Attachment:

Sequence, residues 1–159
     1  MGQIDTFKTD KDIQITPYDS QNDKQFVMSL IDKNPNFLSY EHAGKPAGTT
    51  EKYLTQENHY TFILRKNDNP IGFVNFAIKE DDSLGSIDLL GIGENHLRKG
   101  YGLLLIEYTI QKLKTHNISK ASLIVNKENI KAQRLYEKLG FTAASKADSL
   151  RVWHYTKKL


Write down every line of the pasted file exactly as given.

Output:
Sequence, residues 1–159
     1  MGQIDTFKTD KDIQITPYDS QNDKQFVMSL IDKNPNFLSY EHAGKPAGTT
    51  EKYLTQENHY TFILRKNDNP IGFVNFAIKE DDSLGSIDLL GIGENHLRKG
   101  YGLLLIEYTI QKLKTHNISK ASLIVNKENI KAQRLYEKLG FTAASKADSL
   151  RVWHYTKKL